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Clyatt, ETFs for Rational Investing Portfiolio?
Old 06-29-2011, 12:55 PM   #1
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Clyatt, ETFs for Rational Investing Portfiolio?

Just a thought, maybe Bob will weigh in, but in this thread:

Rational Investing Portfolio, Bob Clyatt

Bob commented:

"There are definitely good ETFs and alternatives out since the book was first written in 2005 that make DFA less compelling."

I was wondering:

What are the benefits of the ETFs vs. Vanguard or DFA mutual funds?
What are good ETF funds to use as replacements for the Rational Investing Portfolio recommendations?

Thoughts?
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Old 06-29-2011, 05:37 PM   #2
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ETFs sometimes have lower ERs compared to a mutual fund.
DFA requires you to buy through an FA, so there is added cost.
ETFs can be traded anytime through the day, but I don't see that as a benefit.Also, you may pay/get above or below NAV when you buy/sell.
ETFs are structured so the fund manager doesn't necessarily have to sell stock to meet redemptions.

I don't have any input on replacements for the Rational Investing Portfolio.
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Old 06-29-2011, 09:14 PM   #3
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You might want to send a private message to ESRBob to get him to chime in on this thread. I'm not sure how often he checks the board.

I gained the impression from his post that while there aren't necessarily the precise ETF equivalents of DFA's funds, there are lots of ETFs that match various styles of DFA funds. IShares has a huge pile of choices in every sector, cap, and growth/value box.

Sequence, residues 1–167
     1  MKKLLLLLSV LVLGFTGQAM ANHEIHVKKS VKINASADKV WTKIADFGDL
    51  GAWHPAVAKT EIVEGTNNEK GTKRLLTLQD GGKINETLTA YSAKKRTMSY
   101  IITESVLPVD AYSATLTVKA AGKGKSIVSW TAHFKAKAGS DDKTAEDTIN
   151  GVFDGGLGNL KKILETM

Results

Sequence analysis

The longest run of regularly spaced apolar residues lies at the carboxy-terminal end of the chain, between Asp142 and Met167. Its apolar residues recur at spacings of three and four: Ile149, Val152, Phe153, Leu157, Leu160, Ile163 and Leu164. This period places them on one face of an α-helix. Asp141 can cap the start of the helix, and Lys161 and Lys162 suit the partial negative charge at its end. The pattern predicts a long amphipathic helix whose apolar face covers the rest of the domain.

It might be as easy as using Morningstar's portfolio tools to compare your chosen DFA funds to other ETFs, or to use the top-25 stocks in DFA's funds to find other ETFs with similar holdings.

One reason that Bob may not have pointed out specific funds is because the company that helped him research his portfolios charges him by the question. Besides your possibly being able to do that research for free (or for the cost of a M* premium membership), you'd have a more in-depth understanding of the funds you're picking and how well they suit your asset allocation.

Spouse and I prefer ETFs for the ability to sell covered calls a few times a year. The extra cash is nice but the real benefit of the options is that we're selling the calls on shares that we'd be selling anyway to rebalance.

In the past when we'd get to a rebalancing decision point, there'd always be a tremendous amount of whining dithering discussion about whether we were really ready to give up that hot asset. Now we just sell the call(s), pocket the money, and wait to see what happens.
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Done...
Old 06-30-2011, 08:10 AM   #4
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Done...

Done....see what we get back.
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Old 06-30-2011, 12:19 PM   #5
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Quote:
Originally Posted by REattempt View Post
Done....see what we get back.
Might be a bit. His mailing list says he's exhibiting his sculptures at the Berkshires Arts Festival this weekend.

Bob Clyatt Sculpture Home

Bob has definitely figured out what he wants to do all day!
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Old 07-10-2011, 09:23 PM   #6
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ReAttempt, Thanks for your inquiry --